Pacific La Niña-like warming and northeastward shift of western Pacific subtropical high are major responsible for the TC track change
Long-term changes in tropical cyclone (TC) activity have a significant impact on the socio-economic development of coastal countries and regions. The detection and attribution of the long-term changes in the position of TC activity have received great attention in the past decades in the context of global warming. The densely populated East Asia coastal countries including China face increasing TC threats, emphasizing the critical importance of understanding how the TC poleward migration occurs. However, there are still controversies and uncertainties about TC poleward migration and its causes. TC poleward migration is mainly evidenced by both the TC genesis and lifetime maximum intensity (LMI) positions, and there are inconsistent long-term trends between TC LMI and genesis latitudes, where the poleward trend of genesis is significantly larger than that of LMI (Figure 1).
Timeseries of the basin mean (a) genesis latitudes, (b) lifetime maximum intensity (LMI) latitude, and (c) genesis-to-LMI latitude difference. The dashed lines indicate the trend lines, with shaded areas denoting the 95% confidence intervals.
Academician Zhemin Tan’s team investigated inconsistent change between the LMI and genesis positions as well as its physical causes in terms of relative frequency changes in various TC tracks. The authors grouped TCs into 5 track types using cluster analysis (Figure 2). The relative distances between the mean genesis and LMI positions in each track are significantly different, especially in the latitudinal direction (Δφ). The change of this distance defines the consistency of TC genesis and LMI positions, and the distance is closely related to its track type. Based on this, the authors make the following mathematical decomposition of the mean genesis and LMI latitudes (see the original paper for the derivation and detailed description of the decomposition).
The tropical cyclone (TC) tracks (black curves) over the western North Pacific during 1980–2019 in each of the five typical tracks. The red lines denote the regressed mean curves of the TCs in each track. The green and yellow dots indicate the mean genesis and lifetime maximum intensity positions, respectively.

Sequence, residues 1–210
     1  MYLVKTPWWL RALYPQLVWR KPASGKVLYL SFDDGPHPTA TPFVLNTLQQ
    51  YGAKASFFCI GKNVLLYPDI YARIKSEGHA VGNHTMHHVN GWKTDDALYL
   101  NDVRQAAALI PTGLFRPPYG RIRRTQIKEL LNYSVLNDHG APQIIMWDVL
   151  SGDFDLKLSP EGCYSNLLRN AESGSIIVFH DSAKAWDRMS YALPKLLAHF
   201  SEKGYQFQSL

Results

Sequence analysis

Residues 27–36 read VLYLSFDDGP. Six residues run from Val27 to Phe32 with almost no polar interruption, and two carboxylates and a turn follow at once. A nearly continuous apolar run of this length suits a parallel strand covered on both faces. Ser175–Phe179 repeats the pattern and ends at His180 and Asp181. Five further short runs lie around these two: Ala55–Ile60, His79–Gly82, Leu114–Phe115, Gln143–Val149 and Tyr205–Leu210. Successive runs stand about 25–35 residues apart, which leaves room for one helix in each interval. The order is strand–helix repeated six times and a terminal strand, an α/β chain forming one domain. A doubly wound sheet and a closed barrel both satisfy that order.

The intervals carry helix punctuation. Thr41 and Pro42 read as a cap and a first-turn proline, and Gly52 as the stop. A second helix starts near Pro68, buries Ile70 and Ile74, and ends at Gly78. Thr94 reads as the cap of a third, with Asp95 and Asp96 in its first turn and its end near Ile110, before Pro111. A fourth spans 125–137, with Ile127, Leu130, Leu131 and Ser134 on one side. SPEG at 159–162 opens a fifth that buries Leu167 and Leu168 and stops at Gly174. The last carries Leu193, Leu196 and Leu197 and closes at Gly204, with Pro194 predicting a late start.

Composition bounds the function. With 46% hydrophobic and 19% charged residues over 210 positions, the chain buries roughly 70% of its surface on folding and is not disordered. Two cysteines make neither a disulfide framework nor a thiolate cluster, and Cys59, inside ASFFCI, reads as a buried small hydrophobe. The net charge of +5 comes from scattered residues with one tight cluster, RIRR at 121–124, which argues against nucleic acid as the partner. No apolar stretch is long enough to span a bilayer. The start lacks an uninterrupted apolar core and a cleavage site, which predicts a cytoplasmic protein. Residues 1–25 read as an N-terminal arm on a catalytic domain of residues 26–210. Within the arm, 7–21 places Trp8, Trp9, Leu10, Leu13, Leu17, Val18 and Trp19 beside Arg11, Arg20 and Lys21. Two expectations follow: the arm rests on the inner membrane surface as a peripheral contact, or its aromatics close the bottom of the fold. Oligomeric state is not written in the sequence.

The trend of the genesis latitude and the genesis-to-LMI latitude distance (G2LD) are both contributed by five linear and five nonlinear terms based on Equation 2 and Equation 3. The linear term represents the relative frequency change of TCs in five tracks, and the nonlinear term represents the joint change in the relative frequency and mean position of TCs in each track (the product of the two). Equation 2 and Equation 3 thus directly give the quantitative contribution of each track to the poleward migration of typhoon activity. The results show that the NWL and RCE tracks together contributes the most to poleward migration of the WNP TC genesis latitude. NWL and RCE track exhibit relative low genesis latitudes and show significant decreasing trends of TCFRs. It means that the decrease of low-latitude formed TCs contribute much more to the poleward migration of TC genesis latitude than that of the increase of high-latitude formed TCs. Therefore, TC track change is the direct cause of the inconsistent poleward migration of typhoon activity.
The authors further analyze the physical context in which the above-mentioned typhoon tracks change. As the five basic categories are jointly determined by their genesis positions and track patterns, the authors focus on the analysis of the large-scale environmental fields associated with typhoon genesis and migration. The results show that the long-term cooling of the eastern Pacific Ocean and the long-term warming of the western Pacific Ocean (La Niña-type SST trend), as well as the eastward and northward retreat of the western Pacific subsurface are the main causes of the above typhoon track changes. However, these two factors may be intrinsically linked under the impacts of global warming and natural forcing, so further research is needed to fully clarify the underlying causes of typhoon poleward migration.
Journal of Geophysical Research: Atmosphere published a paper titled “Influence of track change on the inconsistent poleward migration of typhoon activity”. This work is jointly supported by the National Natural Science Foundation of China (42192555 and 42075003), and the National Key Research and Development Program of China under Grants 2017YFC1501601. Associate Professor Yi Peng Guo is the first author of this paper, and Academician Zhemin Tan is the corresponding author.
Guo, Y.-P., and Tan Z.-M., 2022: Influence of track change on the inconsistent poleward migration of typhoon activity. Journal of Geophysical Research: Atmospheres, 127, e2022JD036640. https://doi.org/10.1029/2022JD036640